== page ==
Echogenic bowel refers to the scan finding of brighter than usual bowel. The terms
‘hyperechoeic bowel’ and even ‘hyperechogenic bowel’ are sometimes used to mean the
Normally bowel appears grey. This is the case with most soft tissue. Bone appears
brighter, almost white. When the appearances of some sections of the bowel appear
as bright or even brighter than bone, this will be described as ‘echogenic’.
In the second trimester, echogenic bowel is seen in up to 1.4% of all babies or 1
in 70. Typically, the areas affected will appear with the same (or more) brightness
as the iliac bone in the baby’s pelvis.
Many conditions have been associated with the finding of echogenic bowel in the second
trimester. These include chromosomal anomalies (aneuploidy) such as Down’s; cystic
fibrosis, thalassaemia, intrauterine growth restriction (IUGR), viral and other infections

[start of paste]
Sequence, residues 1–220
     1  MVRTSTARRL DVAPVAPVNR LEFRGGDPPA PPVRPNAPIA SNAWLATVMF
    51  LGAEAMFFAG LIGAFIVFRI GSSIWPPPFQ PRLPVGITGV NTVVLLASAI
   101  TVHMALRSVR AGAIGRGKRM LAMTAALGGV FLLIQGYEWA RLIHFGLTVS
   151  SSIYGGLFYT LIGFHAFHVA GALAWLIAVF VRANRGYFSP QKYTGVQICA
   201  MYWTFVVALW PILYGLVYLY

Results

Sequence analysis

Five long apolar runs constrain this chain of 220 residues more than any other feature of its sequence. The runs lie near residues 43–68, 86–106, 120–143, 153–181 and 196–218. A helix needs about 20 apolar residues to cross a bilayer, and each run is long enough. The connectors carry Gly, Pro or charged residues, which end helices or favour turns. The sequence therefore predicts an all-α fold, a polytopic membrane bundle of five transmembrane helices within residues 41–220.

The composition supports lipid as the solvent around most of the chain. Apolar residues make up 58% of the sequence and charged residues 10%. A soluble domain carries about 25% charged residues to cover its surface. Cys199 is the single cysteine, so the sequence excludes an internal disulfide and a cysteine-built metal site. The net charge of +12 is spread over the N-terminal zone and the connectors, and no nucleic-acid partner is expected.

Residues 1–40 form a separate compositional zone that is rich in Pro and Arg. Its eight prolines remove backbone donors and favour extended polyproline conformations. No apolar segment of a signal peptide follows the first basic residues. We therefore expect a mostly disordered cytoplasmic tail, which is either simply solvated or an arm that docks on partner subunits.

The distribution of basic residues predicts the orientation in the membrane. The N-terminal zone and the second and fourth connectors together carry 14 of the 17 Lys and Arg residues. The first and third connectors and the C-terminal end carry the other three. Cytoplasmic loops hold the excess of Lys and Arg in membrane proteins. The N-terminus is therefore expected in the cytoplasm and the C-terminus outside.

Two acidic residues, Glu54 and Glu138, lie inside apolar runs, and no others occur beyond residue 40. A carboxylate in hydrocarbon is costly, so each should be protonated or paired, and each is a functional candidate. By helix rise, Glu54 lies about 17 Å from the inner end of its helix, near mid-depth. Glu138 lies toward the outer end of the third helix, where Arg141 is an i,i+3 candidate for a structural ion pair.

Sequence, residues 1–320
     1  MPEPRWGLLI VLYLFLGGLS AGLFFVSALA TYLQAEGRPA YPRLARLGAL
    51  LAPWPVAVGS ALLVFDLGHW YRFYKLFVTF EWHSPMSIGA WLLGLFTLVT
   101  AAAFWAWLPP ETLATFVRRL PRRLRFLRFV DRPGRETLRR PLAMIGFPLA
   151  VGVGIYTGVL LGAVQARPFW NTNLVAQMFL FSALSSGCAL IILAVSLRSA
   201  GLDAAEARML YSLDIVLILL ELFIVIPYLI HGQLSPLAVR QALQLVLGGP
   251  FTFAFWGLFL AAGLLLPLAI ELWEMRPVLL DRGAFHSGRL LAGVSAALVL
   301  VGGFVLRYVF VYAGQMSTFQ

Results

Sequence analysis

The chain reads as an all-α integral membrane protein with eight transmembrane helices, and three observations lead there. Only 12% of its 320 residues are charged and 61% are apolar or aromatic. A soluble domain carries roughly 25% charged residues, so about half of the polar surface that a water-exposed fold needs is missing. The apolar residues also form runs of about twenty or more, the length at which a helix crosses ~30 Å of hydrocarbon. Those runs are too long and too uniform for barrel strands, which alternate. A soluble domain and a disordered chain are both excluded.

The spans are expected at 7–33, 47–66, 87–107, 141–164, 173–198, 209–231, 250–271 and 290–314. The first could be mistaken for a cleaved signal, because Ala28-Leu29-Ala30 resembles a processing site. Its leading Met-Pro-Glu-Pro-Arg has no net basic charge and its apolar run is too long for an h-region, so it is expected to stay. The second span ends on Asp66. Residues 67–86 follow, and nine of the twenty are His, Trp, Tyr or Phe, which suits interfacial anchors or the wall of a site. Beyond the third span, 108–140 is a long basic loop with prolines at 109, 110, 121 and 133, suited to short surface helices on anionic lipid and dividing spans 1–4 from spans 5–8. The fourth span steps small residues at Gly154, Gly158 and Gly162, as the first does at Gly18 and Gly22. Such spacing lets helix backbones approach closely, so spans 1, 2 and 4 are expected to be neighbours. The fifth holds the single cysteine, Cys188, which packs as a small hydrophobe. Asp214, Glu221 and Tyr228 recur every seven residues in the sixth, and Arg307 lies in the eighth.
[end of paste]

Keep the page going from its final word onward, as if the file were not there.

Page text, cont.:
including parvovirus, CMV and toxoplasmosis. Crucially however, most babies found
to have echogenic bowel in isolation will be normal with none of the above conditions.
In any case, presence of echogenic bowel on a second trimester scan should trigger
a detailed scan to carefully look for other markers at the very least. If the woman
has another risk factor for Down’s syndrome (advanced age or family history), a diagnostic
test such as amniocentesis should be offered.
It is important to be aware that echogenic bowel in the final weeks of pregnancy
in the third trimester is much more common and does not carry anywhere near the same
degree of significance.